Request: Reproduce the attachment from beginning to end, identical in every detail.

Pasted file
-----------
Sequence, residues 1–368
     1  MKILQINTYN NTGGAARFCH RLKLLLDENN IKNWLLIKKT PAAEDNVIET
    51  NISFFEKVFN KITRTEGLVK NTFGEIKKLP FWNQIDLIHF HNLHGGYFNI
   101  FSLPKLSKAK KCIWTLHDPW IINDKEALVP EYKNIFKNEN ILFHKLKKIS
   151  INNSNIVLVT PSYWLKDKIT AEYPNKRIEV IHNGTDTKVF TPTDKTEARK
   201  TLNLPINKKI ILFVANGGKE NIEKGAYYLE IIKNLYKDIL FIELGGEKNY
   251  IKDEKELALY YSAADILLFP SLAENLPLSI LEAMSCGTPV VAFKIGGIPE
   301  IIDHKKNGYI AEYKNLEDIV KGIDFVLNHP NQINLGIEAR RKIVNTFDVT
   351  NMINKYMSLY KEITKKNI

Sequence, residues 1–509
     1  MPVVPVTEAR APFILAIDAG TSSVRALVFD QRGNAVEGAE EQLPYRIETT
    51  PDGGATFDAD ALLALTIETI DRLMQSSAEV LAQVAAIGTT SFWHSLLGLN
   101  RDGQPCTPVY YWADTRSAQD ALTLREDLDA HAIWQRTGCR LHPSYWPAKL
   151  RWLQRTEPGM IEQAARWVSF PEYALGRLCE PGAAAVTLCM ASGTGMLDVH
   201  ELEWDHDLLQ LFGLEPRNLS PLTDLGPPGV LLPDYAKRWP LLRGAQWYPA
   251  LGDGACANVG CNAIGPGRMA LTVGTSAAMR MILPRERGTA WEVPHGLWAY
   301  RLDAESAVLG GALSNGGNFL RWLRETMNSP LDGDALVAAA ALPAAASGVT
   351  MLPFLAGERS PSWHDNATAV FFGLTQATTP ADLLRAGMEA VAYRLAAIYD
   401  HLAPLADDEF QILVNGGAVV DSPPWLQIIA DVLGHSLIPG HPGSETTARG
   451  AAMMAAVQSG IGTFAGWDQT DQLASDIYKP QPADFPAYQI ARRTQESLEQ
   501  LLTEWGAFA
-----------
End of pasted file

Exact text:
Sequence, residues 1–368
     1  MKILQINTYN NTGGAARFCH RLKLLLDENN IKNWLLIKKT PAAEDNVIET
    51  NISFFEKVFN KITRTEGLVK NTFGEIKKLP FWNQIDLIHF HNLHGGYFNI
   101  FSLPKLSKAK KCIWTLHDPW IINDKEALVP EYKNIFKNEN ILFHKLKKIS
   151  INNSNIVLVT PSYWLKDKIT AEYPNKRIEV IHNGTDTKVF TPTDKTEARK
   201  TLNLPINKKI ILFVANGGKE NIEKGAYYLE IIKNLYKDIL FIELGGEKNY
   251  IKDEKELALY YSAADILLFP SLAENLPLSI LEAMSCGTPV VAFKIGGIPE
   301  IIDHKKNGYI AEYKNLEDIV KGIDFVLNHP NQINLGIEAR RKIVNTFDVT
   351  NMINKYMSLY KEITKKNI

Sequence, residues 1–509
     1  MPVVPVTEAR APFILAIDAG TSSVRALVFD QRGNAVEGAE EQLPYRIETT
    51  PDGGATFDAD ALLALTIETI DRLMQSSAEV LAQVAAIGTT SFWHSLLGLN
   101  RDGQPCTPVY YWADTRSAQD ALTLREDLDA HAIWQRTGCR LHPSYWPAKL
   151  RWLQRTEPGM IEQAARWVSF PEYALGRLCE PGAAAVTLCM ASGTGMLDVH
   201  ELEWDHDLLQ LFGLEPRNLS PLTDLGPPGV LLPDYAKRWP LLRGAQWYPA
   251  LGDGACANVG CNAIGPGRMA LTVGTSAAMR MILPRERGTA WEVPHGLWAY
   301  RLDAESAVLG GALSNGGNFL RWLRETMNSP LDGDALVAAA ALPAAASGVT
   351  MLPFLAGERS PSWHDNATAV FFGLTQATTP ADLLRAGMEA VAYRLAAIYD
   401  HLAPLADDEF QILVNGGAVV DSPPWLQIIA DVLGHSLIPG HPGSETTARG
   451  AAMMAAVQSG IGTFAGWDQT DQLASDIYKP QPADFPAYQI ARRTQESLEQ
   501  LLTEWGAFA